Katina Curtis, AAP Senior Political Writer
(Australian Associated Press)
Virus-busting restrictions on Australians’ way of life appear to be paying off, with states looking to partially reopen schools and hospitals being allowed to perform surgery on children and joint replacements.
The national cabinet on Tuesday decided to gradually resume elective surgeries from April 27 after Australia secured more personal protective equipment and significantly slowed down new coronavirus cases.
“It is the progress on those first two fronts of containment and capacity which allow us to take these steps on the road to recovery through greater freedoms and opportunities for elective surgery,” Health Minister Greg Hunt said.
He said the less than one per cent growth in COVID-19 cases for nine consecutive days, and an average of less than half a per cent growth over the past three days, had been a “collective national achievement”.
The government has secured 60 million protective masks and has another 100 million on the way over the next six weeks. In addition, the goal of 7500 ventilators has been achieved.
The resumption of elective surgeries and IVF, and the move towards regular schooling, are the first steps towards easing broader restrictions on travel and business.
NSW has announced plans for slowly bringing children back into classrooms, starting with one day a week from May 11.
South Australian schools will be back to normal from Monday although the government accepts many parents will still choose to keep children at home.
And West Australian authorities are strongly urging year 11 and 12 students to head back to campus.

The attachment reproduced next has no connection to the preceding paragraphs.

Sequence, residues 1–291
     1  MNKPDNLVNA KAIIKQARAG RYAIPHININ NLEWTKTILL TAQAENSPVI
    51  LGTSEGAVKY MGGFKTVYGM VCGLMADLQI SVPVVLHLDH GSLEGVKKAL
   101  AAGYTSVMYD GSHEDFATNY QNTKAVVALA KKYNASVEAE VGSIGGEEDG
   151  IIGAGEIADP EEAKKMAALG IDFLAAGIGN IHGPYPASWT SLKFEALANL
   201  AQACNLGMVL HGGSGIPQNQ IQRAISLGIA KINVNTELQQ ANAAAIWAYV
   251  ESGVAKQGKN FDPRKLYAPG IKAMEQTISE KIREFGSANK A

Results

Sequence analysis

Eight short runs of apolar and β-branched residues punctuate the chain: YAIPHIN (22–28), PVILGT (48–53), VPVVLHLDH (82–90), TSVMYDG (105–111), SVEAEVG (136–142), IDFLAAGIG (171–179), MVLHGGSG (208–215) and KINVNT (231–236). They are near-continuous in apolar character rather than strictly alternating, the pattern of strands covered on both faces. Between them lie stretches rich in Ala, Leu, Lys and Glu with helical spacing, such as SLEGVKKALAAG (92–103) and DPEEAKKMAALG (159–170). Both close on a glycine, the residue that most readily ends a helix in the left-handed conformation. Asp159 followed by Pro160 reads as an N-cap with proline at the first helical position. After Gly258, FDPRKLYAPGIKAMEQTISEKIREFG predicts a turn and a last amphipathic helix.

But Prime Minister Scott Morrison said the current baseline level of restrictions would be in place for at least four weeks, while Essential Research polling has found the majority of Australians surveyed believe it’s currently too early to think about easing restrictions.
Leaders want to have steadily low levels of transmission, and greater testing and tracing capabilities in place before any easing happens.
But those states that have gone further than the national baseline – such as WA, which has put in place tough border closures – may return to that basic level of restrictions in coming weeks.
Mr Morrison also urged aged care homes that have implemented tougher rules on visitors than recommended, or outright bans, to ease back.
“We are already on the road back and I think we already have reached a turning point on these issues provided we can keep the controls in place to keep the virus under management.”
There have been 71 coronavirus deaths across the nation, with more than 6600 cases detected.
But with nearly 4700 recovered, Australia has dropped below 2000 active cases for the first time since March 23.
Australia’s low mortality and high testing rates are among the world’s best.
The federal government said the lifting of restrictions will depend in part on the community downloading a new app to help trace the people coronavirus patients have been in close contact with.
There are strong privacy concerns but the government is hoping two in five Australians will install the app.
“I’d much sooner download an app than two months from now, be lying in an ICU bed, be lying in a palliative care bed, and wondering why I didn’t download an app,” Deputy Prime Minister Michael McCormack said.
The crisis has claimed its first major corporate scalp, with Virgin Australia going into voluntary administration on Tuesday.
The move puts about 16,000 jobs at risk as the airline seeks a way to restructure.
Reserve Bank governor Philip Lowe has warned Australia’s economy will likely shrink by 10 per cent by the middle of the year and unemployment rise to 10 per cent.
The central bank predicts the jobless rate will stay above six per cent for a couple of years through a long, slow recovery.